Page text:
A molecular-genetic approach to studying source-sink interactions in Arabidopsis thaliana. Final report, April 1, 1995--March 31, 1998 Page: 4 of 5
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Principal Investigator: Susan I. Gibson
which have currently been fulfilled. The first of these goals was to develop a
faster and more reliable technique for measuring sugar levels in plant tissues.
The second of these goals was to examine the roles of light intensity, soil
nitrogen levels, photoperiod, developmental stage and ability to synthesize
starch in determining fumaric acid levels. The final goal of this part of our
work was to measure soluble sugar and fumaric acid levels in Arabidopsis
In our initial experiments we measured soluble sugar levels in plant
tissues using a standard protocol that involves extracting the sugars into
ethanol, drying down the ethanol, resuspending the sugars in water and then
using a chemical assay to measure sugar concentrations. This procedure is
time consuming to use for large numbers of samples due to the significant
amounts of time needed to dry down the ethanol fractions and then
completely resuspend the sugars. We therefore worked out a different method
for measuring sugar levels that eliminates the need to dry down and then
resuspend each sugar sample. This stream-lined protocol has allowed us to
measure sugar concentrations in many more samples than was previously
During the last three years, we have measured fumaric acid levels in
literally thousands of plant tissue samples. The results of these experiments
indicate that, in Arabidopsis, fumaric acid levels rise with plant age and with
increasing light intensity. We have also determined that fumaric acid levels
are far higher in tissues capable of carrying out photosynthesis than in non-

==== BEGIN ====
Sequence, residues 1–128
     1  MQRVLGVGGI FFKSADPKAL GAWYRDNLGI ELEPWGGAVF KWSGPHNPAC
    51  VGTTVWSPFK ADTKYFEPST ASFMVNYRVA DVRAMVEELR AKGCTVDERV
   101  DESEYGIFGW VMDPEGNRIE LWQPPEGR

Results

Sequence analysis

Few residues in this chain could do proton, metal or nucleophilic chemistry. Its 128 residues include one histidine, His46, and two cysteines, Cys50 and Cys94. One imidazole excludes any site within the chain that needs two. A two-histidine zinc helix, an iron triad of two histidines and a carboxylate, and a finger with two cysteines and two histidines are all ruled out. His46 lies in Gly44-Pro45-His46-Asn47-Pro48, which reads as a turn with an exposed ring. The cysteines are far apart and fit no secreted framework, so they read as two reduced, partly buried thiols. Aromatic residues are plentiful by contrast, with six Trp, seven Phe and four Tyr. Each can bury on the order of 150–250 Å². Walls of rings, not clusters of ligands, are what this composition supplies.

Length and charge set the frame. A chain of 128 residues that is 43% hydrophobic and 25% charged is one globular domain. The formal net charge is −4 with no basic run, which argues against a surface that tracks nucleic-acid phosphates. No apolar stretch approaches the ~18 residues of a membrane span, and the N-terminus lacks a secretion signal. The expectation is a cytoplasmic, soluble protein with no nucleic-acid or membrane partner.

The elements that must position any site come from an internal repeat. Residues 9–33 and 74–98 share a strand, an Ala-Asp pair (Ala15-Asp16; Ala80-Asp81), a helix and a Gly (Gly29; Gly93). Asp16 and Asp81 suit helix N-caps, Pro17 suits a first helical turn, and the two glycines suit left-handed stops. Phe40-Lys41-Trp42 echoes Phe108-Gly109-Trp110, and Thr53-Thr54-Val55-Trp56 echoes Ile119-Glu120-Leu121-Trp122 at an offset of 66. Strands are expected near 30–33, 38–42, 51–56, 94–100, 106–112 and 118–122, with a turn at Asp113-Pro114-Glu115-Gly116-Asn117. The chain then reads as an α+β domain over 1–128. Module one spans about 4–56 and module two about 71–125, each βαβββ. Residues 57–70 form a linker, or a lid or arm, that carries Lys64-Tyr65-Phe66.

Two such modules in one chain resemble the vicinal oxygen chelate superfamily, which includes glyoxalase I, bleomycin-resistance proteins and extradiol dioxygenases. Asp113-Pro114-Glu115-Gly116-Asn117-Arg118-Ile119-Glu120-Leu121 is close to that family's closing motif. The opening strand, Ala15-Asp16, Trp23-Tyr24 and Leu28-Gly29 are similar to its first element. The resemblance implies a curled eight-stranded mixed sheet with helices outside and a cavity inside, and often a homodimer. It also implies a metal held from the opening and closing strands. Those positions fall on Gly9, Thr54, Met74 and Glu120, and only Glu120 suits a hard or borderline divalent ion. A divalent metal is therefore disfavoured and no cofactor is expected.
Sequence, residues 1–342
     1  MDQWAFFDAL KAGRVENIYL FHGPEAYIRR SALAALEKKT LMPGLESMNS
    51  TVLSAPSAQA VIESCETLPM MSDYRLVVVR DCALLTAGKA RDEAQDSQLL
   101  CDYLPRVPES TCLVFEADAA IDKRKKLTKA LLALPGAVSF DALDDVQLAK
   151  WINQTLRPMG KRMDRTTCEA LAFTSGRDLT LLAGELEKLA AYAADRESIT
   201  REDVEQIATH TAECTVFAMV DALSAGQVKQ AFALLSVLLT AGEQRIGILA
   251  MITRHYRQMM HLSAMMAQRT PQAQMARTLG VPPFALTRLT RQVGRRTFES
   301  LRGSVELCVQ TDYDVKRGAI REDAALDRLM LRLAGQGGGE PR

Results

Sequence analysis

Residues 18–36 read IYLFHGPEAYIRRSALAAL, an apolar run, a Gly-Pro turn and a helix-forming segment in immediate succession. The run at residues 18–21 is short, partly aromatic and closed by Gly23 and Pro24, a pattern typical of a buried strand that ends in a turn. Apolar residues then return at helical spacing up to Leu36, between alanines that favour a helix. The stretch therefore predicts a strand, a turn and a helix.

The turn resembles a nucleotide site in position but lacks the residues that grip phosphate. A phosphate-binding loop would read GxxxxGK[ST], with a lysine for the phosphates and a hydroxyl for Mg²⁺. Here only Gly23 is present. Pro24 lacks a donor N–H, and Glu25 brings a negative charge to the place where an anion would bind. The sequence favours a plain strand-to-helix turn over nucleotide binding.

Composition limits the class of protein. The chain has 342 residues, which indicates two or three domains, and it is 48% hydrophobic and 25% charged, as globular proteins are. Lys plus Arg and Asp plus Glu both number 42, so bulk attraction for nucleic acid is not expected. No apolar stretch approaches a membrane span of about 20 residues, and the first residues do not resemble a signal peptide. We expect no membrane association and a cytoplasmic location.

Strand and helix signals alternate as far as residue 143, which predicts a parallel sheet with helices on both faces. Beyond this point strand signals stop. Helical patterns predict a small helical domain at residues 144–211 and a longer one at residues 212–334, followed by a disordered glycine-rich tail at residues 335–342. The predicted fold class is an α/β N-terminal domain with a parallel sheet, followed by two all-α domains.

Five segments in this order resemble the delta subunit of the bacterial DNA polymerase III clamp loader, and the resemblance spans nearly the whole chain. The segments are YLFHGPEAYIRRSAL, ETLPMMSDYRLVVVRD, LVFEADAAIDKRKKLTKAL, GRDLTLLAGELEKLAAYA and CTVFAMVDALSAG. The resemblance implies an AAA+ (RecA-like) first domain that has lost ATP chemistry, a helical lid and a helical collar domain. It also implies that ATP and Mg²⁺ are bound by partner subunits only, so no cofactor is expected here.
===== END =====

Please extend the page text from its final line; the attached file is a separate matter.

photosynthetic tissues, and that fumaric acid levels are higher at the end of
the day than at the end of the night. In addition, Arabidopsis plants that can
not make starch accumulate relatively high levels of fumaric acid, indicating
that, in these plants, some of the photosynthate that would normally be used
to synthesize starch is instead being used to make fumaric acid. We also
determined that some, but not all, other plant species accumulate fumaric
acid to high levels. In particular, hollyhock accumulates fumaric acid at levels
up to 10 mg/gram fresh weight. Also, at least one agriculturally important
plant species, soybean, accumulates substantial quantities of fumaric acid
(approximately 0.5 mg/gram fresh weight). Finally, we have determined that
phloem sap from both Arabidopsis and hollyhock contains high concentrations
of fumaric acid, raising the intriguing possibility that significant amounts of
fumaric acid are being transported from what part of the plant to the other
through the phloem.
Characterization of Mutants in Sugar-Regulated Gene
Expression from Arabidopsis. To identify the factors involved in
controlling sugar-regulated gene expression in plants, and to determine the
effects of disrupting this type of regulation, we have isolated and characterized
mutants of Arabidopsis that are defective in the sugar induced expression of
the gene encoding beta-amylase. Prior to the start of the work funded by this
grant, we screened several thousand EMS-mutagenized Arabidopsis plants for
those that fail to regulate beta-amylase production in response to sugar. This
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Gibson, S. I. A molecular-genetic approach to studying source-sink interactions in Arabidopsis thaliana. Final report, April 1, 1995--March 31, 1998, report, November 1998; United States. (digital.library.unt.edu/ark:/67531/metadc710499/m1/4/: accessed February 16, 2019), University of North Texas Libraries, Digital Library, digital.library.unt.edu; crediting UNT Libraries Government Documents Department.